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Coronavirus & COVID-19 What Should Condos & HOAs Do?

As cases of the new coronavirus increase here in the US, the crisis has led to a number of questions from condominium boards to the effect of:  What should we do to protect the condominium and its members? What is our responsibility for the clubhouse, pool, workout area, playground, plumbing, HVAC system?”

Condominium boards should be vigilant. However, there are limits on what can be done to fight the coronavirus/COVID-19. While the situation should be taken seriously, there’s much that isn’t yet known about the virus. For instance, there were early theories that the virus might have been transmitted in cruise ships and apartment buildings through HVAC circulation or plumbing systems, but nothing has been proven. Several recent US cases do not seem to have a clear origin, leaving us with no clear direction on prevention methods. We hope that there will soon be better guidance from professionals on the disease and how it is transmitted.

In the meantime, organizations, institutions, and individuals are doing what they can to mitigate the spread of the virus. My daughter’s high school and several high schools around are organizing 'disinfectant programs' with companies to clean and disinfect the schools on a regular basis.  The thought behind disinfectant programs is that the virus lives on surfaces for a period of time, so frequent, thorough cleaning of those surfaces may help prevent its spread. I think the high schools feel it is better to do something rather than nothing. 

From a legal perspective, mitigation responsibilities will likely fall on familiar lines of ownership; the association controls the condominium’s common areas, while individual owners and shareholders control their private living spaces. With that as a starting point, the association will likely have the following obligations if the coronavirus - or even a stomach bug, flu, or some other contagious illness - becomes more widespread:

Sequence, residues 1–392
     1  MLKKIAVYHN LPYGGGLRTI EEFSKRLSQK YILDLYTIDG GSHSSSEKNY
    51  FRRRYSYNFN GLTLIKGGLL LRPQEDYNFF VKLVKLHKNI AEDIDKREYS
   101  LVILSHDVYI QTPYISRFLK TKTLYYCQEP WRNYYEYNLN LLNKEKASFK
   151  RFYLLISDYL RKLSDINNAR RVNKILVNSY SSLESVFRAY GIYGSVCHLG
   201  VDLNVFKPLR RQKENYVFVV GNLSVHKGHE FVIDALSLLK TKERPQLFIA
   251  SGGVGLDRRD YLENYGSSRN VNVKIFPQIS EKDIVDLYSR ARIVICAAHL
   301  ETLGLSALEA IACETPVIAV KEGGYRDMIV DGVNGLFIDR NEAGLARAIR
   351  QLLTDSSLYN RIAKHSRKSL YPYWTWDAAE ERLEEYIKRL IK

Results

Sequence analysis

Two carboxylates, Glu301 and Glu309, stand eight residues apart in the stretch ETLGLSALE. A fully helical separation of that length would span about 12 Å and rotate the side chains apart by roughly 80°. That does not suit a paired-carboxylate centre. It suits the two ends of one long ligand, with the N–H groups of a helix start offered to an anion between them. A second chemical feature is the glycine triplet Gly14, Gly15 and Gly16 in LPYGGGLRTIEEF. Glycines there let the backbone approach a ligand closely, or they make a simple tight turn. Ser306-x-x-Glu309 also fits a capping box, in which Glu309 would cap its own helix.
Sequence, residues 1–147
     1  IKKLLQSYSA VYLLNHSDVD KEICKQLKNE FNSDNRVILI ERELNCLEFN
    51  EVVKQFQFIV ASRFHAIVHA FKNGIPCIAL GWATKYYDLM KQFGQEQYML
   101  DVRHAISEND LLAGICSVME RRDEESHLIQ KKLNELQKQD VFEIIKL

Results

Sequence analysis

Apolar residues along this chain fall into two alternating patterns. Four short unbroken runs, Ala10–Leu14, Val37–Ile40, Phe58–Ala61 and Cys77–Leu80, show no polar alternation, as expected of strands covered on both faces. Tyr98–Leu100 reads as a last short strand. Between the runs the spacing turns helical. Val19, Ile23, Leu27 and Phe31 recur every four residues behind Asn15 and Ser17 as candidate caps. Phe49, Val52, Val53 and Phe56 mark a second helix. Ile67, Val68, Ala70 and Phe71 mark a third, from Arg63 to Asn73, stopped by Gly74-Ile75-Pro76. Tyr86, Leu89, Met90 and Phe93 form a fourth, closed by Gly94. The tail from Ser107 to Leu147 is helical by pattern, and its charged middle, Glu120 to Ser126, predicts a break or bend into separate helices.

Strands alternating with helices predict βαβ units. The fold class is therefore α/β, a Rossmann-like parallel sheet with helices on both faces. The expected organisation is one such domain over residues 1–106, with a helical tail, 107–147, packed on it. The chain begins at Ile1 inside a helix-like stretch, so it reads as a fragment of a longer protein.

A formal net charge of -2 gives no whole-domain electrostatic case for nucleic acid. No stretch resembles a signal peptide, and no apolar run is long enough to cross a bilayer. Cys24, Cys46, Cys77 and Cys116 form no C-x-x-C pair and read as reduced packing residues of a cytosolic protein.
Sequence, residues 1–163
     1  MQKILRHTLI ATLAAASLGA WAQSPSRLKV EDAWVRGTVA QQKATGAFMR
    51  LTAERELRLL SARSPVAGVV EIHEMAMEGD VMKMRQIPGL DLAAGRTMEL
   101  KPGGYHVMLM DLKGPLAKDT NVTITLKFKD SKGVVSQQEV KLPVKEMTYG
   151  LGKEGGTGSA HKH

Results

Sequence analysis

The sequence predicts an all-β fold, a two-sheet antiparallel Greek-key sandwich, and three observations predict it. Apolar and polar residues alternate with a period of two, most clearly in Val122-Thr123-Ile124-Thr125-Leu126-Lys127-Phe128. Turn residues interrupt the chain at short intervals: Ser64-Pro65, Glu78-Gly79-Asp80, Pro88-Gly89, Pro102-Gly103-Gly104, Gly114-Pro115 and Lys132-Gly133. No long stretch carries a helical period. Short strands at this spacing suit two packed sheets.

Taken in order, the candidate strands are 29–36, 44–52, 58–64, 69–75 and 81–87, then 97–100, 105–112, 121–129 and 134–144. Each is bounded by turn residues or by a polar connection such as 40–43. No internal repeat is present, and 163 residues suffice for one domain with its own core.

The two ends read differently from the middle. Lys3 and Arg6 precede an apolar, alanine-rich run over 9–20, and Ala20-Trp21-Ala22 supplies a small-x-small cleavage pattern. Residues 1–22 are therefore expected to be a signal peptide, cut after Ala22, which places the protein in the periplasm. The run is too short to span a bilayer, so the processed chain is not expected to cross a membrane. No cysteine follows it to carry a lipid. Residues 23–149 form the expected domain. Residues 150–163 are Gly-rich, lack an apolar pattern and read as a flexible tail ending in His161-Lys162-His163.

• More frequent, more extensive cleaning, disinfecting, and wiping down of common areas and common area surfaces. (Your community's legal counsel or management should be able to provide names of companies in your area that are utilizing disinfectant programs.)

  • Gatherings in the common areas, whether a membership meeting or educational event, may need to be postponed or cancelled. 

  • Public common areas such as gyms, clubhouses, and pools, may need to be temporarily closed.

  • The association may wish to consider the installation of hand sanitizer dispensers or wipes in common area for owner and guest use. (notwithstanding the fact that the cost of sanitizer gels has tripled and product is being rationed in some areas.) 

  • Depending on the course of the virus, and as more information becomes available on how it is spread, your association may wish to discuss with facilities professionals whether any changes are necessary to the equipment serving the common areas over which the association has control, such as the plumbing or HVAC systems in the clubhouse (or possibly the entire building in the case of high-rises.) Recognize that any such upgrades could be prohibitively expensive - and that at present, there is nothing to suggest this would help stem the spread of coronavirus.

  • Perhaps greater precautions should be taken in assisted living facilities, or where the population is older.

  • At least one dog has contracted the coronavirus. Associations may need to consider pet restrictions in light of the same - although again, that is also premature.

  • While of course the coronavirus and COVID-19 are on everyone's minds at the moment, if any illness becomes prevalent in a condominium, the association should discuss with its professionals how best to handle the specific situation. As noted above, that talk will certainly have to consider the usual what-is-the-association's-responsibility versus what-is-the-unit-owner's-responsibility question. While certainly buildings and associations can and should stay aware and be proactive, at the end of the day, owners will likely be most responsible for their own health and safety.

    Edmund Allcock is a partner with the law firm of Marcus, Errico, Emmer & Brooks of Braintree, Massachusetts, CAI-NE 2020 President, and CCAL President 2020.

     

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